136.196 Guarantee the end of the unwarranted use of prisons for the management of persons with disabilities (Islamic Republic of Iran);

136.197 Set up a commission of National Independent Inquiry on Violence and Abuse against People with Disability (Islamic Republic of Iran);

136.198 Conduct a national independent investigation into cases of violence and degrading treatment of persons with disabilities and persons suffering from mental illness in institutions and homes for the disabled (Russian Federation);

136.199 Prevent the excessive use of force by the police and investigate all complaints thoroughly (Azerbaijan);

136.200 Intensify efforts to improve conditions in prisons, in particular to address the problem of overcrowding and the high mortality in prisons (Uzbekistan);

136.201 Ensure access to justice by all, including by repealing laws on mandatory sentencing (Botswana);

136.202 Adopt the recommendation by the Committee against Torture to review mandatory sentencing laws with a view to abolishing them (Norway);

136.203 Continue efforts to train authorities involved in the administration and handling of justice in cases that affect indigenous peoples on the human rights of this group of society and review the cases of indigenous detainees, in particular children and women, with a view to providing them adequate assistance (Mexico);

136.204 Continue to work, in partnership with Aboriginal and Torres Strait Islander communities, to reduce indigenous incarceration rates (Ireland);

136.205 Increase efforts to reduce the imprisonment of indigenous Australians (Uruguay);

136.206 Amend its electoral legislation so that any deprivation of the right to vote of citizens serving a prison sentence is reasonable and proportionate and applied only for the committing of the most serious crimes (Czech Republic);

136.207 Put equal emphasis and commitment on the realization of economic, social and cultural rights (Portugal);

136.208 Consider treating economic, social and cultural rights on the same footing, and with the same emphasis as civil and political rights (South Africa);

136.209 Protect the rights of older persons and persons with disability to ensure their access to the labour market (Angola);

136.210 Take measures to ensure the universal access to healthcare services, paying particular attention to the needs of persons living in rural and remote areas (Portugal);

136.211 Improve the quality and coverage of its early childhood care and education for indigenous children and children living in remote areas and ensure adequate resources for implementing bilingual models of education (Republic of Moldova);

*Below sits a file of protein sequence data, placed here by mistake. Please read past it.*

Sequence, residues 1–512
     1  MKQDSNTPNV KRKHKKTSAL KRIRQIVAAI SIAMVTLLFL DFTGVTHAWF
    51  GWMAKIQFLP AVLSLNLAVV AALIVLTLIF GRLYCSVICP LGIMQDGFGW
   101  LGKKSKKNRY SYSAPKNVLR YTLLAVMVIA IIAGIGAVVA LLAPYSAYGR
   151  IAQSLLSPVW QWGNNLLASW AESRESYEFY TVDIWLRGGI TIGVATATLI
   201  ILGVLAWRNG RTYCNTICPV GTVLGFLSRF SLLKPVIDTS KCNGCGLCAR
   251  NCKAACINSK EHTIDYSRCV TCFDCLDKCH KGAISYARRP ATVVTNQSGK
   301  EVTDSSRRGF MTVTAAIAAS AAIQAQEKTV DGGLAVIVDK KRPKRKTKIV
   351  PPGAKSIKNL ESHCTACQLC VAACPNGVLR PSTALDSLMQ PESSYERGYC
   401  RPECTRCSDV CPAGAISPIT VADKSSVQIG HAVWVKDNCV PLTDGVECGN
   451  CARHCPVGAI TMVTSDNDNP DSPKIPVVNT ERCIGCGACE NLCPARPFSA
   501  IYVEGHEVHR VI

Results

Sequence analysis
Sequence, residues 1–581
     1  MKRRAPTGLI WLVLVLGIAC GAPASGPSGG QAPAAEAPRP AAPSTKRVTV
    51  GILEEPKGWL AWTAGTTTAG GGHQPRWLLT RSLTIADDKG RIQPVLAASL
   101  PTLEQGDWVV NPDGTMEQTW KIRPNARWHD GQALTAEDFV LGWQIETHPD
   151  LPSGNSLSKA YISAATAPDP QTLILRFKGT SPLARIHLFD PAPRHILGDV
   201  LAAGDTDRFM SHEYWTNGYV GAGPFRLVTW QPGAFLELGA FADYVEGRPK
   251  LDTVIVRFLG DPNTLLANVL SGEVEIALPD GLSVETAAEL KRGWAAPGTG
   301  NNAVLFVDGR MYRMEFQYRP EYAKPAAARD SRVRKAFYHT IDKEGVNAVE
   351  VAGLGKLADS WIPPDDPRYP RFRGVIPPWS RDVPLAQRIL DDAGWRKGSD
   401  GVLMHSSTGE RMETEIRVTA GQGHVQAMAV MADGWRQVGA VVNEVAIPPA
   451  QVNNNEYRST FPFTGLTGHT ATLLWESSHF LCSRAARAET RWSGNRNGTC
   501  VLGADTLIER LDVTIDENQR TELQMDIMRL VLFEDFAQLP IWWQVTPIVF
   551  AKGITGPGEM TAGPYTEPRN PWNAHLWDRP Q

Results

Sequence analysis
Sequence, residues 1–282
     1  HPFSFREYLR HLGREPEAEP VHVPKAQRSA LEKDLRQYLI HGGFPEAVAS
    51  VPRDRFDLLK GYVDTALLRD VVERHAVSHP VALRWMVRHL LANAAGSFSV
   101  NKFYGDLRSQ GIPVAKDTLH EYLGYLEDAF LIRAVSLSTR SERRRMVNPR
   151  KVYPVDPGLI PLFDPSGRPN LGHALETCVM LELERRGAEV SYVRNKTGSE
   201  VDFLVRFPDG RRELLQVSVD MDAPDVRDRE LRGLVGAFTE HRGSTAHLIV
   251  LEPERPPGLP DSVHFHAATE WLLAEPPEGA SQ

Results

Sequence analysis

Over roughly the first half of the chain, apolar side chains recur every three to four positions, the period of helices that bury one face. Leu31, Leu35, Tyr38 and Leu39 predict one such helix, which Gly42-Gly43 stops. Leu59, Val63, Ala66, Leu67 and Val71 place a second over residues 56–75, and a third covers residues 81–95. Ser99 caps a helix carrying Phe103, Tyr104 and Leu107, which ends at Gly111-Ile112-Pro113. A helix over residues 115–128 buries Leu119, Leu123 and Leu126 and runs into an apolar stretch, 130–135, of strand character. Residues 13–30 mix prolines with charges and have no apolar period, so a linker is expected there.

136.212 Adopt a National Action Plan to implement the Guiding Principles on Business and Human Rights (Netherlands);

136.213 Begin a consultative process towards adoption of a National Action Plan on business and human rights (Norway);

136.214 Strengthen the normative framework for the protection of human rights, including the monitoring, investigation and reparation for human rights violations committed by Australian enterprises in their territories and in third States (Ecuador);

136.215 Further contribute to the global realization of the right to development including through ensuring that its annual ODAs (Official Development Assistance)matches the internationally agreed level of 0.7% of the GDP (Egypt);

136.216 Increase its ODA from the current 0.33% to 0.7% of the GDP (Sierra Leone);

136.217 Adopt a clear road map to reach ODA target of 0.7 per cent of GNI (Bangladesh);

136.218 Enhance bilateral cooperation with other countries in the field of human rights especially through dialogue and technical assistance (Viet Nam);

136.219 Revise its Intended Nationally Determined Contribution to be in line with a fair approach taken by other industrialised countries, so as to be consistent with the full enjoyment of human rights by its people and those in neighbouring countries (Fiji);

136.220 Open legal partnership models to all, regardless of their sexual orientation or gender identity (Iceland);

136.221 Ensure that states’ legislation is consistent with the amended Sex Discrimination Act 1984 (Israel);

136.222 Revise the Marriage Act of 1961 in a way that ensures full equality with respect to the civil institution of marriage (Netherlands);

136.223 Legally recognize same-sex marriage (Spain);

136.224 Amend the federal Marriage Act to allow same-sex couples to marry by changing the definition of marriage, and provide full recognition of same-sex marriages from overseas (Sweden);

136.225 Provide protection to the family as the natural and the fundamental unit of the society (Egypt);

136.226 Review the extent and scope of laws governing secret surveillance and moderate the powers and discretion conferred on authorities in this regard (India);

136.227 Take concrete measures in order to ensure that any interference with the right to privacy comply with the principles of legality, proportionality and necessity, regardless of the nationality or location of the individuals affected (Brazil);

136.228 Ensure that an Australian cannot be deprived of citizenship other than in exceptional circumstances and within the framework of a specific legal procedure (France);

136.229 Continue increasing efforts to combat terrorism (Tajikistan);

136.230 Improve coordination on trafficking, the monitoring of the implementation of anti-trafficking legislation, ensure the rights of victims are protected, including the right to redress and economic and social support (Lithuania);